Bildung is the way that the individual matures and takes upon him or herself ever bigger personal responsibility towards family, friends, fellow citizens, society, humanity, our globe, and the global heritage of our species, while enjoying ever bigger personal, moral and existential freedoms — not something we are emphasizing in the US…
This Is How Scandinavia Got Great: The power of educating the whole person.
By David Brooks, NYTimes, Feb. 13, 2020
Almost everybody admires the Nordic model. Countries like Sweden, Denmark, Norway and Finland have high economic productivity, high social equality, high social trust and high levels of personal happiness.
Progressives say it’s because they have generous welfare states. Some libertarians point out that these countries score high on nearly every measure of free market openness. Immigration restrictionists note that until recently they were ethnically homogeneous societies.
But Nordic nations were ethnically homogeneous in 1800, when they were dirt poor. Their economic growth took off just after 1870, way before their welfare states were established. What really launched the Nordic nations was generations of phenomenal educational policy.
The 19th-century Nordic elites did something we haven’t been able to do in this country recently. They realized that if their countries were to prosper they had to create truly successful “folk schools” for the least educated among them. They realized that they were going to have to make lifelong learning a part of the natural fabric of society.
They look at education differently than we do. The German word they used to describe their approach, bildung, doesn’t even have an English equivalent. It means the complete moral, emotional, intellectual and civic transformation of the person. It was based on the idea that if people were going to be able to handle and contribute to an emerging industrial society, they would need more complex inner lives.
Today, Americans often think of schooling as the transmission of specialized skill sets — can the student read, do math, recite the facts of biology. Bildung is devised to change the way students see the world. It is devised to help them understand complex systems and see the relations between things — between self and society, between a community of relationships in a family and a town.
As Lene Rachel Andersen and Tomas Bjorkman put it in their book “The Nordic Secret,” “Bildung is the way that the individual matures and takes upon him or herself ever bigger personal responsibility towards family, friends, fellow citizens, society, humanity, our globe, and the global heritage of our species, while enjoying ever bigger personal, moral and existential freedoms.”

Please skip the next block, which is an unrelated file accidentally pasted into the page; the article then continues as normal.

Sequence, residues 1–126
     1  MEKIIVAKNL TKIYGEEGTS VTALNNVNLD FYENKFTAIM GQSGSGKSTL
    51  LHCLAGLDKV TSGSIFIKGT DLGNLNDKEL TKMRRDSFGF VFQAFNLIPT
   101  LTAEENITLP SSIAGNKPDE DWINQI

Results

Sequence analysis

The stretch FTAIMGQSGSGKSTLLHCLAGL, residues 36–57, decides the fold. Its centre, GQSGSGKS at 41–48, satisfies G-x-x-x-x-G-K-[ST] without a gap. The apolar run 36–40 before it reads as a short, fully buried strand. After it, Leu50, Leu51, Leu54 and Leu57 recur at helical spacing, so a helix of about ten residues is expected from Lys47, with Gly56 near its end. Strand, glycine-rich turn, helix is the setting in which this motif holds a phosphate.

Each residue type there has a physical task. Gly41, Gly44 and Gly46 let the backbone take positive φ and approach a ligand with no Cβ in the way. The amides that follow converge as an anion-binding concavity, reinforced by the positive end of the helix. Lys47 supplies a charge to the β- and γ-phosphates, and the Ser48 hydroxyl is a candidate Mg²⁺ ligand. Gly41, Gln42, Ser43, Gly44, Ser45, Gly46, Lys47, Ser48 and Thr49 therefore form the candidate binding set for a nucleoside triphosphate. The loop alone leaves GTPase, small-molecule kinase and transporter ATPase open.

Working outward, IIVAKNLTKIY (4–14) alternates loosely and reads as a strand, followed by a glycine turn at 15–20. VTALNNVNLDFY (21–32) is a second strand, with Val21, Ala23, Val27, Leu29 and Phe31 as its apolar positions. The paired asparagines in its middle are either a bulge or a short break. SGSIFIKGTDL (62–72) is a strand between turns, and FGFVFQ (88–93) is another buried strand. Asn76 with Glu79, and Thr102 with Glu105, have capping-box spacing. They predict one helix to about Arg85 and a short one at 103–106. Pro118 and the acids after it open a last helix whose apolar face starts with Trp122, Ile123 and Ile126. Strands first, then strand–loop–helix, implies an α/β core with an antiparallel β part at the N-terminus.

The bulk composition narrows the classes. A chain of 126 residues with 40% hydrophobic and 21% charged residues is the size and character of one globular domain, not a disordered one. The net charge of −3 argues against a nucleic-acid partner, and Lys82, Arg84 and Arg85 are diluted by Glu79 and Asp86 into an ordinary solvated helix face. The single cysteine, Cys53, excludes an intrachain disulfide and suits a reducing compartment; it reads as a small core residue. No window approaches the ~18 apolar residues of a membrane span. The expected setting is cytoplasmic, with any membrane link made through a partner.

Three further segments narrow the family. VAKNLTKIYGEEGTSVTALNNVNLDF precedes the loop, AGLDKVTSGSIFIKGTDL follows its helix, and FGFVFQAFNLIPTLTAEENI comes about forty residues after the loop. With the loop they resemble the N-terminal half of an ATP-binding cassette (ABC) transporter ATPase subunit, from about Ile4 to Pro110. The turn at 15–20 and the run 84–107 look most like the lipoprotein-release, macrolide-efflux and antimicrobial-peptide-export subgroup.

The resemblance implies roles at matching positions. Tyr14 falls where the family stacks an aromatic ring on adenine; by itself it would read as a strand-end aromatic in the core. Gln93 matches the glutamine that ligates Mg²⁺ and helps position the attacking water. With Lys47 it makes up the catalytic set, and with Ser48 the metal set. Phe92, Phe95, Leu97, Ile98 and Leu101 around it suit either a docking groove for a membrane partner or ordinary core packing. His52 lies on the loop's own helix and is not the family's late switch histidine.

The Nordic educators worked hard to cultivate each student’s sense of connection to the nation. Before the 19th century, most Europeans identified themselves in local and not national terms. But the Nordic curriculum instilled in students a pride in, say, their Danish history, folklore and heritage.
“That which a person did not burn for in his young days, he will not easily work for as a man,” Christopher Arndt Bruun wrote. The idea was to create in the mind of the student a sense of wider circles of belonging — from family to town to nation — and an eagerness to assume shared responsibility for the whole.
The Nordic educators also worked hard to develop the student’s internal awareness. That is to say, they helped students see the forces always roiling inside the self — the emotions, cravings, wounds and desires. If you could see those forces and their interplay, as if from the outside, you could be their master and not their slave.
Their intuition was that as people grow, they have the ability to go through developmental phases, to see themselves and the world through ever more complex lenses. A young child may blindly obey authority — Mom, Dad, teacher. Then she internalizes and conforms to the norms of the group. Then she learns to create her own norms based on her own values. Then she learns to see herself as a node in a network of selves and thus learns mutuality and holistic thinking.
The purpose of bildung is to help people move through the uncomfortable transitions between each way of seeing.
That educational push seems to have had a lasting influence on the culture. Whether in Stockholm or Minneapolis, Scandinavians have a tendency to joke about the way their sense of responsibility is always nagging at them. They have the lowest rates of corruption in the world. They have a distinctive sense of the relationship between personal freedom and communal responsibility.